valuing_inputs.article

valuing_inputs.article - Valuing Project Inputs Traded in...

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Unformatted text preview: Valuing Project Inputs Traded in Markets Perfectly Elastic Supply or Small Project If the supply curve for an input is perfectly elastic and price equals marginal cost (ie, no monopoly power distorting the market) there are no taxes distorting the market there are no externalities distorting the market we can use the market price as the marginal social cost of using the input Consider a project that uses q units of an input draw from a market with a perfectly elastic supply curve no distortions, where D is the market demand for the input without the project S is the market supply for the input, which re ects the marginal costs of production The project increases demand for the input by q units at every price; ie, the demand curve to the right by q units $/unit Quantity D q q' q 1 S = MC q' D + P In this situation, the amount spent purchasing the input re ects the social opportunity cost of the resources used to produce it s Remark: Many input markets inputs have supply curves that relatively at, so it's often reasonable to assume that the expenditures for project inputs equal their social opportunity costs if the market is undistorted Econ 370 Lecture 6: page 1 The observed market price also re ects the marginal social cost if the input is traded in a perfectly competitive market with an upward-sloping supply curve (ie, elastic supply) as long as the project does not cause the market price to change $/unit Quantity P P 1 q S D + q' D s Remark: A small project means the amount of the input a project uses is small relative to the amount currently being traded in the market. So the project will have a negligible e ect on the equilibrium price of the input even if the input supply function is upward sloping (ie, the project results in only a small rightward shift of the demand curve in the input market). In contrast, a large project uses enough of the input to have an appreciable e ect on the price of the input Econ 370 Lecture 6: page 2 Inelastic Supply If a project uses q units of an input with a perfectly inelastic supply curve (eg, land), the project raise the price and thereby reduces the amount of land used by others by q D Price Quantity P 1 P q 1 q q' P R S D + q ' In the previous example, the agency carrying out the project buys q units of land the price before the project is P the price after the project is P 1 (this is the price that the agency will probably have to pay to obtain all the land it wants) P R is the reservation or choke price (ie, the price at which demand falls to zero) So the social opportunity cost of the land used by the project is P q + 1 2 q ( P 1- P ) = P q + 1 2 q P 1- 1 2 q P = 1 2 P q + 1 2 q P 1 = P + P 1 2 q s Remark: Notice that the amount paid to acquire the land, P 1 q , is greater than the social opportunity cost of using the land P 1 q P + P 1 2 q Econ 370 Lecture 6: page 3 Elastic Supply and Large Project If project draws a large amount of an input from a market with an upward sloping supply, it...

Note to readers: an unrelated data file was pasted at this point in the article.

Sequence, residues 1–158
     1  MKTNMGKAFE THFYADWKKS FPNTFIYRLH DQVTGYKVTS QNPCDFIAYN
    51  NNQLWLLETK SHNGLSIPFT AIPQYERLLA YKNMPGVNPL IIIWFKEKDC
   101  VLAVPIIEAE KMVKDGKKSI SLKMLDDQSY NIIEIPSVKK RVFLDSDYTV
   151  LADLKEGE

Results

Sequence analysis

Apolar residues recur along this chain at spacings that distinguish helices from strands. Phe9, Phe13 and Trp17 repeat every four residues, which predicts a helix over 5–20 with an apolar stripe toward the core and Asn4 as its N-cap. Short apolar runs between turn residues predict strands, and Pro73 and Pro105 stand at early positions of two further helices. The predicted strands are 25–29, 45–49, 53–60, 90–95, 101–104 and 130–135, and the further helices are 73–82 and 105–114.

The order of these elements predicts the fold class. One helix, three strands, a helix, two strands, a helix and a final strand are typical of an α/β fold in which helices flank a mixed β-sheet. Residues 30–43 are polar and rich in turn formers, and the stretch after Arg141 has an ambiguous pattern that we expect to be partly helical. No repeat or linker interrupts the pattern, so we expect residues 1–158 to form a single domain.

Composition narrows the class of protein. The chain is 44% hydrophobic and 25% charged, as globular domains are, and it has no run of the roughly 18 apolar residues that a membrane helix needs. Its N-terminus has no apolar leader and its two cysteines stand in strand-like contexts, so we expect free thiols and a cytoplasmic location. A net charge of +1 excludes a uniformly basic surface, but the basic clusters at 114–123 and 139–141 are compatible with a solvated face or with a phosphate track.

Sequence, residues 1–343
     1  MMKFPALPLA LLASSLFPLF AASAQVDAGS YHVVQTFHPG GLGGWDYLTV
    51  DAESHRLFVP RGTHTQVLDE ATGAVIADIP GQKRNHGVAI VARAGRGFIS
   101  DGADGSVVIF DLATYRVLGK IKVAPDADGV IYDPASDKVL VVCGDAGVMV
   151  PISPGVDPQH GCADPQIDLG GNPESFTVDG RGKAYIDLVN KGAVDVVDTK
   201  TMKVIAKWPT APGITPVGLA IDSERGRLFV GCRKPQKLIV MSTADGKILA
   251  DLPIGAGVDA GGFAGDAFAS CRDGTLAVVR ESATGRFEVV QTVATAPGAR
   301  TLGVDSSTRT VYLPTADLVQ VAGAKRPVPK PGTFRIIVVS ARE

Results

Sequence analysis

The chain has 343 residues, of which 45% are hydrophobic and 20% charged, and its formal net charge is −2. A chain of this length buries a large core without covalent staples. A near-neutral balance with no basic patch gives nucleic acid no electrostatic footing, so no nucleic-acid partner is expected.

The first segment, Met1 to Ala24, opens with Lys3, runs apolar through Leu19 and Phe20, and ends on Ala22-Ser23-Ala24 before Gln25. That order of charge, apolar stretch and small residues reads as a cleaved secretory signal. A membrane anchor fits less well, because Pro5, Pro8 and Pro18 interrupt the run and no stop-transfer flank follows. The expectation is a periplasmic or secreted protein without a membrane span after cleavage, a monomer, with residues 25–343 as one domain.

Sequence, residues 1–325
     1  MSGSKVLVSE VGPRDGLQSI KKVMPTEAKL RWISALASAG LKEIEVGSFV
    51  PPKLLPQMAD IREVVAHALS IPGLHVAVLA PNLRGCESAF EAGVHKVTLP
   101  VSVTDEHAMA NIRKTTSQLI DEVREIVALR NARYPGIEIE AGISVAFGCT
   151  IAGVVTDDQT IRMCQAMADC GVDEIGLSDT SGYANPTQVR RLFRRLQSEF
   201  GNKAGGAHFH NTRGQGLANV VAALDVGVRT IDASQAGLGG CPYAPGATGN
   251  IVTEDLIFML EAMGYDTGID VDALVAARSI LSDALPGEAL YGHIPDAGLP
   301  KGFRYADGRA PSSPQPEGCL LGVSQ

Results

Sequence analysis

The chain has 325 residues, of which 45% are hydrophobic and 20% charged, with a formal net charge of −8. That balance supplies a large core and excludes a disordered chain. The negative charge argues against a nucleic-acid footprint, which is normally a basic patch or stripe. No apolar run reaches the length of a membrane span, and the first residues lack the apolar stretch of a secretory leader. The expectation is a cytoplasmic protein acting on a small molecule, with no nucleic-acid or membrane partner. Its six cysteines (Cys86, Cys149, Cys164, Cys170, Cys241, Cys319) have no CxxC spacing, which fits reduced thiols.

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valuing_inputs.article - Valuing Project Inputs Traded in...

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